Introduction

Have you built an Amazon Echo skill previously and wanted to find a way to speed up development? I think I may have found the package for you. It is called alexa-app. This package allows for us to get a functioning skill up and running much faster than we could previously with traditional methods.

For today’s tutorial, we are going to use a simple skill I created for you to follow along with on development. It is called alphabet-teacher. To improve your learning of how it all works I suggest that you retype all the code in order to help your mind make the connections necessary.

First well need to set up ourselves for this.

Setup

Git Clone the repo:

$ git clone https://github.com/acucciniello/alphabet-teacher.git

Install all the dependencies:

$ cd alphabet-teacher
$ npm install

Run the tests to see if everything is working:

$ npm test

Now that we are all set up let’s take a look at the code.

Code

We will be editing two files for the main functionality of this application. The first one is index.js

index.js

If you are taking a look at index.js, you can see it is pretty simple. It is requiring our alphabet-teacher.js module. Once it has that it uses that to create lambda function from it. So, when creating this skill on lambda, this file (index.js) is the entry point. Pretty simple, now let’s actually look at what is happening with alexa-app in alphabet-teacher.js.

alphabet-teacher.js

The first thing we do here, is require our alexa-app module this way we can use it. Then we create a new app instance giving it a name (alphabet-teacher).

From there, we will want to create a launch intent as our first intent. In order to do this, we use the structure:

app.launch(function(request, response) {
	response.say()
})

Let’s quickly break it down. app.launch specifies a launch intent. Then we have a callback that has access to the lambda request and response. Then we simply can end the launch request by saying a phrase and sending it over with response.say().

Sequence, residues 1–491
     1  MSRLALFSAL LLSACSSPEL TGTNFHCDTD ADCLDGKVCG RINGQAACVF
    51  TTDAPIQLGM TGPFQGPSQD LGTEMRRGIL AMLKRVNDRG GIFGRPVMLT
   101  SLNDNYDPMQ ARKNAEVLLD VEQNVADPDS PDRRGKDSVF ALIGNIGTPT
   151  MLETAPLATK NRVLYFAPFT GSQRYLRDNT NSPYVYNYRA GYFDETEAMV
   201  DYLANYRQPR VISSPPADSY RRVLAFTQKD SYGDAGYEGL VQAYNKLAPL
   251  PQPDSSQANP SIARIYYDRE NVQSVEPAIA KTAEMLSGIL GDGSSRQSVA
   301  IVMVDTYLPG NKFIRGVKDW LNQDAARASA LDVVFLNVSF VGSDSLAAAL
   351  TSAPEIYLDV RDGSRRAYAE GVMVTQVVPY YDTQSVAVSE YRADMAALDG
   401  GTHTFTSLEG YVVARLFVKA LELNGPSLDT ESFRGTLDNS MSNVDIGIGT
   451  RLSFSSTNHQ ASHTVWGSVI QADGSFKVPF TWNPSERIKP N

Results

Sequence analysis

Next let’s take a look at how our Amazon specific intents are created. These are intents like Help, Stop and Cancel intent.

app.intent('AMAZON.HelpIntent',{
  'slots': {},
  'utterances': []
}, function (request, response) {
  response.say()
})

The cool part here is that these intents are automatically built in and you do not need to do anything extra to create them. You might also notice here that you must add two empty objects as the parameters. One for the slot types and the one for the utterances. But in this case we do not need to fill these objects with anything.

The last type of intent here:

app.intent('AlphabetIntent', {
  'slots': {},
  'utterances': ['to say the alphabet', 'to tell me the alphabet', 'to recite the alphabet']
}, function (request, response) {
  response.say()
})

Here we created a custom intent called Alphabet Intent. This intent is something I created. And all we had to do to create this intent is give it this name, along with it’s sample utterances. If you do not know what an intent is or a sample utterance is check out my blog post on that here. See how easy it is to develop any type of intent in seconds with alexa-app?

Test

Without going too far out of the scope of this tutorial let’s install one more package:

$ npm install -g alexa-skill-test

This spins up a local server an allows us to test our alexa skill’s intents very easily.

AlexaSkillTestImage

Test your intents here to see the phrases we hardcoded come out as a response!

Conclusion

If you have done alexa development before you can see how easy this makes development. Besides the little time it takes to get used to this form of developing, it makes all your processes easier! I hope you decide to check it out for yourself. Get in touch with me if you enjoyed this!

Reach out and follow me on twitter! Check out my GitHub for my open source projects! Take a look at my YouTube Channel.